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Administration lawyers argue ABM treaty allows start on missile defense system
WASHINGTON (CNN) -- Clinton Administration lawyers have told National Security Adviser Samuel Berger that the first stage of a national missile defense system could be deployed without violating the 1972 Antiballistic Missile treaty with Russia.
An administration official said Thursday that President Bill Clinton has not been briefed on the matter, and that the president's top military advisers have yet to draw hard conclusions from the lawyers' classified assessment.
"What our lawyers have been looking at are the options we have for beginning to build the initial phases of this radar within the restrictions or terms of the ABM Treaty. And they have looked at that, and they have made some -- they have come up with some options which the president hasn't -- has not had a chance to decide on yet," said Pentagon spokesman Kenneth Bacon.
The Pentagon says Clinton will weigh four factors in making his decision: the threat from other countries, the cost, the technical feasibility, and the effects on arms control regimes.
The most immediate threat appears to come from North Korea, which is why the administration has considered constructing a missile intercept system in Alaska. American intelligence has estimated North Korea, which reached an historic agreement with South Korea this week to work toward eventual reunification, could have the capability to hit the U.S. with nuclear or chemical-tipped ballistic missiles by 2005.
The president is expected to decide by the fall whether to break ground on the project in Alaska next spring -- the length of time required to have the system up and running within the next five years.
Bacon said Thursday that the options are aimed at finding a way to begin work on the radar on the remote Alaskan island of Shemya, located at the tip of the Aleutian archipelago, near Russia.
"If we are to meet our deployment goal -- or operational goal of 2005, we have to take the initial steps to build a new X-band radar on Shemya Island this year. And we have to begin building, doing the initial work on the radar next year and the year after," Bacon said.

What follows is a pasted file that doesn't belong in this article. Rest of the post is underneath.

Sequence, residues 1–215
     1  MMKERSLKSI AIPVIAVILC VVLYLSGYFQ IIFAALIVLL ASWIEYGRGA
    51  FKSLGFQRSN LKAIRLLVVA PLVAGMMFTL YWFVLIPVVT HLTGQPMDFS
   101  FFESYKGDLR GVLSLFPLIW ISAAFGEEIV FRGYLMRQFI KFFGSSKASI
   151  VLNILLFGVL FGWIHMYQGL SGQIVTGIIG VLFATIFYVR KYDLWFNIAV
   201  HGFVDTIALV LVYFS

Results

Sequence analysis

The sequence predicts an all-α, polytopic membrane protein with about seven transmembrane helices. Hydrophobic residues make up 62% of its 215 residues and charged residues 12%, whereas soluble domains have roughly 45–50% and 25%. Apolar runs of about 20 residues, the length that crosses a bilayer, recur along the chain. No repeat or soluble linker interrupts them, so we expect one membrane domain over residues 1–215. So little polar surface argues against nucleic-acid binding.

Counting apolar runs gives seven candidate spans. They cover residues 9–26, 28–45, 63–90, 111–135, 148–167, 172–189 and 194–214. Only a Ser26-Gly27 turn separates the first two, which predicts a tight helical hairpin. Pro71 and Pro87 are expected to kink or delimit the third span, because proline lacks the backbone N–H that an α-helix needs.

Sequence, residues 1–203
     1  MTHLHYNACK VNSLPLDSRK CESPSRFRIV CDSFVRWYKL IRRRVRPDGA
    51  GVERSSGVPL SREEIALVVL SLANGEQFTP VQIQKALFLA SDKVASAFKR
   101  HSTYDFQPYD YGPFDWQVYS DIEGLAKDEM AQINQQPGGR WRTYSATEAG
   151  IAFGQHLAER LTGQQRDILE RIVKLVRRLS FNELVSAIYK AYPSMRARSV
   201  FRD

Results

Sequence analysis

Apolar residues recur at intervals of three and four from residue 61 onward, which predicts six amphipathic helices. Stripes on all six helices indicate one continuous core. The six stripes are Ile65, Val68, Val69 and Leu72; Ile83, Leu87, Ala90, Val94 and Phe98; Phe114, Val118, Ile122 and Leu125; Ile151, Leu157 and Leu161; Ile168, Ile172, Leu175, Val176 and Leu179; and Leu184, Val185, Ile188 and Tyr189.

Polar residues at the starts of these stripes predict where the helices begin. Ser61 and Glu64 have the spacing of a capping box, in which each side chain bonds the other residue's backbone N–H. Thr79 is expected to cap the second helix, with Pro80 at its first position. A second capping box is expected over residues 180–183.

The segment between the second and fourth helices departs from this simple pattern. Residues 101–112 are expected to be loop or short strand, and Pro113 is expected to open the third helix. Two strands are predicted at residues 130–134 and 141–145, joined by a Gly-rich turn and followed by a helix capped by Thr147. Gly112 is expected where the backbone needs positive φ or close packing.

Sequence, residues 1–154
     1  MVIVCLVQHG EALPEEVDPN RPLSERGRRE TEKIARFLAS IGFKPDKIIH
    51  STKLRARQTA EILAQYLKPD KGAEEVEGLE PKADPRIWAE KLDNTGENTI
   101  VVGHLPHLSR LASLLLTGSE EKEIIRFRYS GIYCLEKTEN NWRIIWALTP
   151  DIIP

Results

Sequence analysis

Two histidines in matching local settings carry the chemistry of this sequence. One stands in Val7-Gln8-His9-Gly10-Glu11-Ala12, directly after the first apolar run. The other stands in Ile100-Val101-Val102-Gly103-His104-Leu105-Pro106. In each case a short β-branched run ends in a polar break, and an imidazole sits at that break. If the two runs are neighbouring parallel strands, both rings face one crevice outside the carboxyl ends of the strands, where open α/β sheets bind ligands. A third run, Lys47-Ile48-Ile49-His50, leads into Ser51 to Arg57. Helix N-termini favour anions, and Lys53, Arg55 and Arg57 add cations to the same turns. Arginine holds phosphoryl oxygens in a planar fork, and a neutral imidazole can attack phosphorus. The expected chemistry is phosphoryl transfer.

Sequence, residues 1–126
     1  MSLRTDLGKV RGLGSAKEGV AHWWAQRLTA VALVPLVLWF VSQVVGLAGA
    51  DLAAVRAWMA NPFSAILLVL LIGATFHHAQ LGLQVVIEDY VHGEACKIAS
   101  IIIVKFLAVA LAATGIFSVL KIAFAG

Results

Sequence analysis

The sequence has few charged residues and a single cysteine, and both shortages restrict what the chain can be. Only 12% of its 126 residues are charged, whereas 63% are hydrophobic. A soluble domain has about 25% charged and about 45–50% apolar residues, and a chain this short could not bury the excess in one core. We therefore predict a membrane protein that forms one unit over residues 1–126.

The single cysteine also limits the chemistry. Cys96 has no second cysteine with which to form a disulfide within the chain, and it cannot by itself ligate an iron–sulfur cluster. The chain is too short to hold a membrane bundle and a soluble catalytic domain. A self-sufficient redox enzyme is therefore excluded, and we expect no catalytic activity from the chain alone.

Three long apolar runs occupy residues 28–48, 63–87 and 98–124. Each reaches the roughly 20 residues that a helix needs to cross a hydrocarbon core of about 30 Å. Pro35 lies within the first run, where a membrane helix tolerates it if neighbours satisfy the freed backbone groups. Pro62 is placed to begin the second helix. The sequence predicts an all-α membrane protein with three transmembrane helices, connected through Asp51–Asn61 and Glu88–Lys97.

He added that the bad weather on the island, and its remote location, means there's only a small window in the summer when construction work can be done.
Russia and European nations may have a different interpretation of the ABM treaty. Moving forward with the missile defense system would controvert a legal understanding dating from the Reagan Administration that even the smallest steps -- such as breaking ground -- would breach the treaty.
But the assessment could give Clinton a way to announce that the U.S. would move forward with the project, providing the nation with enough time to test the system and negotiate with Russia.
Sen. Thad Cochran (R-Mississippi) told CNN: "It seems to me to be a way to give the Clinton Administration an opportunity to sidestep the issue of whether to announce they're going to withdraw from the ABM treaty, or whether they're going to go ahead and proceed with construction and be hopeful the Russians are not going to accuse them of violating the treaty."
Beginning the project means that the next president would be left with the decision of breaking the ABM treaty, a move that could harm ties with both Russia and some European allies.
Republican presidential hopeful George W. Bush has said he supports a strong missile defense system -- irrespective of the ABM treaty -- while his Democratic rival, Vice President Al Gore, maintains that steps could be taken to implement the system without violating the treaty.
CNN's Jamie McIntyre, Major Garrett, and Reuters contributed to this report.
Thursday, June 15, 2000
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